NIST Seeking Comments on CRISPR Lexicon

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On September 18, 2019, the National Institute of Standards and Technology (NIST)’s Genome Editing Consortium (GEC) formally sought comments on genome editing, commonly called CRISPR, terminology in order to develop a standardized system of terms and definitions for the CRISPR research community.  This is the first time the NIST has made overtures to develop a more robust lexicography for CRISPR research.

The impact on patents are important.  First, because CRISPR – clustered regularly interspaced short palindromic repeats – which seeks to alter or edit genomic material at different locations in the DNA strand, which in turn, can lead to therapeutic treatments for a variety of single-gene diseases, is technology so new, that the Patent Examining Corp is still struggling with developing a coherent examination guideline for these applications.  As such, these CRISPR patent applications inevitably would be subject to potential patent-eligibility rejections under 35 U.S.C. §101.  The working model for a standardized lexicography could assist with terminology that is well-understood, routine or conventional, which is necessary to determine in the Step 2B analysis of a patent-eligibility rejection (MPEP 2106.05(d)).  Notwithstanding, the new standard could be useful for what could be considered common sense or ordinary routine practice, important for analyzing an obviousness rejection under 35 U.S.C. §103 (MPEP 2141).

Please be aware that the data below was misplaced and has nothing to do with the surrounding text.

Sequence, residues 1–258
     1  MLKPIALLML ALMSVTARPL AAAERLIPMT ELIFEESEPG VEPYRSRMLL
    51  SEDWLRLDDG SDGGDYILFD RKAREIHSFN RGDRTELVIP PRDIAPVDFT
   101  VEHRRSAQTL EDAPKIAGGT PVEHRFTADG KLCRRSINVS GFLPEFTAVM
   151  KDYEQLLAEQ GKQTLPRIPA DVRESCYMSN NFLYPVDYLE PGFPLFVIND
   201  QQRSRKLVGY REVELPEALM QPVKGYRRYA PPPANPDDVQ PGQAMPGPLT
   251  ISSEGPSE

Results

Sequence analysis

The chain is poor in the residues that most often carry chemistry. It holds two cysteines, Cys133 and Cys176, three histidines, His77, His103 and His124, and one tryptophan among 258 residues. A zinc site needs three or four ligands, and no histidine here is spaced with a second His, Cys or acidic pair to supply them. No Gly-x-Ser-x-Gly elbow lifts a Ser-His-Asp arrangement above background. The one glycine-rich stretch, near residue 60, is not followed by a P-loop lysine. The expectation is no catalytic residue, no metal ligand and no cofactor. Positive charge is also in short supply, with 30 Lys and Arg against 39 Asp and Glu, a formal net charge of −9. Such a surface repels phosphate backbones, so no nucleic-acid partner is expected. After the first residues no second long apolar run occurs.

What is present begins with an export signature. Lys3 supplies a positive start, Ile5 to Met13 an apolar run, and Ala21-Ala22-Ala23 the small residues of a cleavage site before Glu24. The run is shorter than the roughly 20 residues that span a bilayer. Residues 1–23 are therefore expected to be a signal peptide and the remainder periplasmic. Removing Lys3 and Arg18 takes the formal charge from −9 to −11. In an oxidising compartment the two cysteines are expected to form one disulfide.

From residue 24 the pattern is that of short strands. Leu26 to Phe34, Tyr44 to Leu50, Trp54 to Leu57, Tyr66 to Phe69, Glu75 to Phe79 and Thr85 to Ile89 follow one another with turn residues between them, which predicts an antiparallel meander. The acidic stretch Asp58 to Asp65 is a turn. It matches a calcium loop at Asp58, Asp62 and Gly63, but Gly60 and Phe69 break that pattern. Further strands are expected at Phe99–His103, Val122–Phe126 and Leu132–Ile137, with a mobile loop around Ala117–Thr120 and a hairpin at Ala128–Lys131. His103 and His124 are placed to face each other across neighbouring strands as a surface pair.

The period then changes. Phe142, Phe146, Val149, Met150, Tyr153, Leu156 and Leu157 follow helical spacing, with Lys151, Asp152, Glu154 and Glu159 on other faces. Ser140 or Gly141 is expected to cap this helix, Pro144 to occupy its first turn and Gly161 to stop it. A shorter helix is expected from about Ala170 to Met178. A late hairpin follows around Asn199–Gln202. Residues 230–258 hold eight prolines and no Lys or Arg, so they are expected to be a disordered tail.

A form is available on the NIST website for comment input, and no deadline has yet to established.  We will continue to monitor the process and update the blog with any further developments.